BMW M 1000 RR 50 Years M Anniversary Edition front winglet close up

BMW has long been synonymous with innovation in the realm of motorcycles, pushing the boundaries of performance and technology with each new iteration. Now, reports suggest that the future of the iconic BMW S 1000 RR could be even more revolutionary, with the potential integration of moveable winglets.

The concept of moveable winglets isn’t entirely new to the world of motorsports. Static winglets have been utilized to great effect in racing, providing valuable downforce to enhance stability and grip on straightaways and under braking. However, the challenge lies in optimizing downforce through corners, where traditional winglets may prove less effective due to the lean angle of the bike.

bmw s 1000 rr-bmw active winglet patent-front

Enter BMW’s groundbreaking patent for active winglets, designed to dynamically adjust in real-time to provide the necessary downforce during cornering maneuvers. Unlike static winglets that remain fixed in position, BMW’s proposed solution involves winglets that maintain parallel alignment with the ground, even as the motorcycle leans into turns.

While the specifics of the mechanical and electrical systems required to operate these moveable winglets are not detailed in the patent, the fundamental concept represents a significant leap forward in motorcycle aerodynamics. Leveraging the sophisticated inertial measurement units (IMUs) found in modern superbikes, BMW aims to develop a seamless computerized system capable of keeping the winglets level throughout varying lean angles.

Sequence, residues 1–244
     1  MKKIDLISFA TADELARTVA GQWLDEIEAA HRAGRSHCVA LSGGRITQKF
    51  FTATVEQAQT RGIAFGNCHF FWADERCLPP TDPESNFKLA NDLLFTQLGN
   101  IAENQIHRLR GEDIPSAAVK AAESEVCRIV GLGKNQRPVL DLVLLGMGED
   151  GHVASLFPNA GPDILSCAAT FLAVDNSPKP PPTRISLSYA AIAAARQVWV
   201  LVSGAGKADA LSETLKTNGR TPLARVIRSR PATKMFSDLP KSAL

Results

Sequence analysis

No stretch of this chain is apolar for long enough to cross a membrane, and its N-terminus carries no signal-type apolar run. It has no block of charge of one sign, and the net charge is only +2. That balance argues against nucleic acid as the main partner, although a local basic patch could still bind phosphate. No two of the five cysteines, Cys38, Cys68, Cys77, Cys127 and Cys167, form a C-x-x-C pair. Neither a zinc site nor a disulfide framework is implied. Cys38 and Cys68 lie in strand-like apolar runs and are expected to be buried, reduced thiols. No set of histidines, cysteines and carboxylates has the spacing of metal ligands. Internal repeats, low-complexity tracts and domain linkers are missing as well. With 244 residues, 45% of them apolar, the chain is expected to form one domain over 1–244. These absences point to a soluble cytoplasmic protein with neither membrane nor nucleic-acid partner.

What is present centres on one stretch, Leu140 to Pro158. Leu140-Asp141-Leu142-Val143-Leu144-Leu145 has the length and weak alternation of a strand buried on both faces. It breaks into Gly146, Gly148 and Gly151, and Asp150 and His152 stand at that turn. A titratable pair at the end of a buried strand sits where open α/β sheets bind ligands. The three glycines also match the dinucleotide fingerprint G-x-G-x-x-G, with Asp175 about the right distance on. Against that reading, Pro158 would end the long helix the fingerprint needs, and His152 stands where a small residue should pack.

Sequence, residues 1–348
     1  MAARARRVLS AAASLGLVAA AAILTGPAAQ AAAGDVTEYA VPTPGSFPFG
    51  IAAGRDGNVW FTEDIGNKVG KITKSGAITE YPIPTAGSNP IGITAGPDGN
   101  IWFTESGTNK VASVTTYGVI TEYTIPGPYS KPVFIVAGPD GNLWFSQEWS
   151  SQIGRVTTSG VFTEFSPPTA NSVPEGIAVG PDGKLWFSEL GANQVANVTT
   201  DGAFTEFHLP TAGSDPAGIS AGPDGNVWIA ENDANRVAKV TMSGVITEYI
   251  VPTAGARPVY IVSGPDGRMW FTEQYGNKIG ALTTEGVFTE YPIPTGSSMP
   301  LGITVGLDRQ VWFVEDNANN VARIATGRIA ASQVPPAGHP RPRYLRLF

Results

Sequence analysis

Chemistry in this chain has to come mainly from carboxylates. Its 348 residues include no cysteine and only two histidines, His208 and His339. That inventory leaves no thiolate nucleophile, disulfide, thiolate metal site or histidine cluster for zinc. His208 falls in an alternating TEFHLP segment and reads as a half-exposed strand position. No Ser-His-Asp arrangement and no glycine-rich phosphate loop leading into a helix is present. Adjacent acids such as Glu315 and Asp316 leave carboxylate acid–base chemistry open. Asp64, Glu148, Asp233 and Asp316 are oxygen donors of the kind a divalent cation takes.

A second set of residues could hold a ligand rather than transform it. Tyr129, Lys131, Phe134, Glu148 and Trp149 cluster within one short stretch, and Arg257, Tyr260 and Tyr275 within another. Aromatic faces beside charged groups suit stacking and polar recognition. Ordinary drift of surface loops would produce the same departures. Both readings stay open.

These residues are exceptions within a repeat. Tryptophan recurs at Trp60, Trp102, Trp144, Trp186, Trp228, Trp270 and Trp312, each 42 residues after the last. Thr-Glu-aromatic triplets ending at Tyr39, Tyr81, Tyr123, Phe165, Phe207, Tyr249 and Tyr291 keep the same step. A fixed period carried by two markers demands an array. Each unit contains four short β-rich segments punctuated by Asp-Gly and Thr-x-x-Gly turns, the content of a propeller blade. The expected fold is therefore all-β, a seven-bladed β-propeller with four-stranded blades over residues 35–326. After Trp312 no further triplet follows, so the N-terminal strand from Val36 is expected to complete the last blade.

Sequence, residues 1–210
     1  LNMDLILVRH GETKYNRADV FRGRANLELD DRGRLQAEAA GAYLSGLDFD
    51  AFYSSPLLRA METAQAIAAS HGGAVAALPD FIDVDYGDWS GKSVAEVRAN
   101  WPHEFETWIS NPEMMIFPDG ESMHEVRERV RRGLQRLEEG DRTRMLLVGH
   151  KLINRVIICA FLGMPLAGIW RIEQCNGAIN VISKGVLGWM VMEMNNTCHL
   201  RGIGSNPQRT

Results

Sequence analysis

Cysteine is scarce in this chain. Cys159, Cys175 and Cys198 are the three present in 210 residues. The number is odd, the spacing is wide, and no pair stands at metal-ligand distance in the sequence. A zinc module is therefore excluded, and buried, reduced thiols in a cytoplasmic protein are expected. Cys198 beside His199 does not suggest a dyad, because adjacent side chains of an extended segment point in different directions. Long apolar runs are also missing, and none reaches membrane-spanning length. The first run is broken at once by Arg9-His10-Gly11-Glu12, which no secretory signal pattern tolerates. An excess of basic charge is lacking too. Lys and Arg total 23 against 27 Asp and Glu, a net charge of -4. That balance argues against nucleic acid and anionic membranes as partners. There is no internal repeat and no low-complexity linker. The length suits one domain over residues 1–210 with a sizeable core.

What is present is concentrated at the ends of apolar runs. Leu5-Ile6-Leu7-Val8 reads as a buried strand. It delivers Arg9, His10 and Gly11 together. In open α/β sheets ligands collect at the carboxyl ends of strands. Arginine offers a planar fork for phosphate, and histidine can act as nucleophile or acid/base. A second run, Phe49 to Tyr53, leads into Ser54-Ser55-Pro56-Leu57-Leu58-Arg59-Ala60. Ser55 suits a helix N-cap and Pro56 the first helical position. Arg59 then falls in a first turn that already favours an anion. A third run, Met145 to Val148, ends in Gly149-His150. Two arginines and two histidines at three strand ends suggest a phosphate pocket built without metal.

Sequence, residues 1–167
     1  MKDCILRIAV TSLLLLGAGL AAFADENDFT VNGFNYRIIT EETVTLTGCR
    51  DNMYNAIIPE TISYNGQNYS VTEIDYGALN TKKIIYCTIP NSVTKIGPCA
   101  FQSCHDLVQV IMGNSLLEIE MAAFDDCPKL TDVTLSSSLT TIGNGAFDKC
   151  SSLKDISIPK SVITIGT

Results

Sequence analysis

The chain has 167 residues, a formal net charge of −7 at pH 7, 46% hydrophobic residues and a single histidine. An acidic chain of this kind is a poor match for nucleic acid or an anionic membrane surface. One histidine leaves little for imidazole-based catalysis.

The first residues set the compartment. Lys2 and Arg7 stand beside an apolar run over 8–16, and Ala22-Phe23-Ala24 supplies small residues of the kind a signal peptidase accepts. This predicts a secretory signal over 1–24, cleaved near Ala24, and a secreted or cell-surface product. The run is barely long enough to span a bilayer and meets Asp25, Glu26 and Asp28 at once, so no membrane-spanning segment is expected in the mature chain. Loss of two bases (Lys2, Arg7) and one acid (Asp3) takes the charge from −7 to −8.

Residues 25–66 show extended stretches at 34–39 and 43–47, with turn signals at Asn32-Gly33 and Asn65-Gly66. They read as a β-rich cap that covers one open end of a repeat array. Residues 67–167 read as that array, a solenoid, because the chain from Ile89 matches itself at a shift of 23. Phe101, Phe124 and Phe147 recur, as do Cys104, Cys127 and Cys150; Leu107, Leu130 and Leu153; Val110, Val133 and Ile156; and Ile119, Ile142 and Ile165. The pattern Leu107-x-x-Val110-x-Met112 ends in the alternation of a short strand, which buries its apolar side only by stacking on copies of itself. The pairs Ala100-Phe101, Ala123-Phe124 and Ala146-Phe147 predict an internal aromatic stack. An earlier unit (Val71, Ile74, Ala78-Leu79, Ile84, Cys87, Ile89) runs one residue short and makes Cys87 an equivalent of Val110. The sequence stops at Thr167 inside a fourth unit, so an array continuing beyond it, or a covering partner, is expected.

bmw s 1000 rr-bmw active winglet patent-front-tilt

Although the integration of active aerodynamics into future BMW superbikes is not guaranteed, the filing of this patent underscores the company’s commitment to pushing the boundaries of innovation. The potential benefits of such a system, including improved stability and cornering performance, could outweigh any drawbacks in terms of added weight and complexity.

Moreover, BMW’s pursuit of a broad patent on this technology could have far-reaching implications for the industry. Rivals seeking to implement similar active aerodynamic systems would either need to develop distinct solutions to circumvent BMW’s patent or negotiate licensing agreements with the company, further solidifying BMW’s position as a leader in motorcycle innovation.